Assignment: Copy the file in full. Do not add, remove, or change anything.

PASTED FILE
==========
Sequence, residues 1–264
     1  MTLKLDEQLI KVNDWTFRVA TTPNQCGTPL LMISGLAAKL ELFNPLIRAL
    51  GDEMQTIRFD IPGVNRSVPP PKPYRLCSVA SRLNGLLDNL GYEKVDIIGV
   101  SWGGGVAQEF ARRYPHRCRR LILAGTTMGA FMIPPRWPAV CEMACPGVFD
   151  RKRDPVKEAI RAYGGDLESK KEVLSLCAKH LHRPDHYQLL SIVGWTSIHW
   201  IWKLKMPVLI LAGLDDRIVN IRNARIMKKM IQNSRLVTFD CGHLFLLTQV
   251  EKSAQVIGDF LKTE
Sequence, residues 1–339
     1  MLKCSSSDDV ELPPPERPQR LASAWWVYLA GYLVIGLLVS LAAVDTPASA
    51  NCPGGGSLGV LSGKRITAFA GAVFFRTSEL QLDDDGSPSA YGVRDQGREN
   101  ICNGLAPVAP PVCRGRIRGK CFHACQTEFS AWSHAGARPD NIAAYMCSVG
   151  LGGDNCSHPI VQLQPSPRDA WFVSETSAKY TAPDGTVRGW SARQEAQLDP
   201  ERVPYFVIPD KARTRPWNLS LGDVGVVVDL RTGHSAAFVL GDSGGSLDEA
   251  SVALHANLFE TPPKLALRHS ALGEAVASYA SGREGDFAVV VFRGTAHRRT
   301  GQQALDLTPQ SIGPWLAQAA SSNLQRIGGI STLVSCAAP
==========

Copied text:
Sequence, residues 1–264
     1  MTLKLDEQLI KVNDWTFRVA TTPNQCGTPL LMISGLAAKL ELFNPLIRAL
    51  GDEMQTIRFD IPGVNRSVPP PKPYRLCSVA SRLNGLLDNL GYEKVDIIGV
   101  SWGGGVAQEF ARRYPHRCRR LILAGTTMGA FMIPPRWPAV CEMACPGVFD
   151  RKRDPVKEAI RAYGGDLESK KEVLSLCAKH LHRPDHYQLL SIVGWTSIHW
   201  IWKLKMPVLI LAGLDDRIVN IRNARIMKKM IQNSRLVTFD CGHLFLLTQV
   251  EKSAQVIGDF LKTE
Sequence, residues 1–339
     1  MLKCSSSDDV ELPPPERPQR LASAWWVYLA GYLVIGLLVS LAAVDTPASA
    51  NCPGGGSLGV LSGKRITAFA GAVFFRTSEL QLDDDGSPSA YGVRDQGREN
   101  ICNGLAPVAP PVCRGRIRGK CFHACQTEFS AWSHAGARPD NIAAYMCSVG
   151  LGGDNCSHPI VQLQPSPRDA WFVSETSAKY TAPDGTVRGW SARQEAQLDP
   201  ERVPYFVIPD KARTRPWNLS LGDVGVVVDL RTGHSAAFVL GDSGGSLDEA
   251  SVALHANLFE TPPKLALRHS ALGEAVASYA SGREGDFAVV VFRGTAHRRT
   301  GQQALDLTPQ SIGPWLAQAA SSNLQRIGGI STLVSCAAP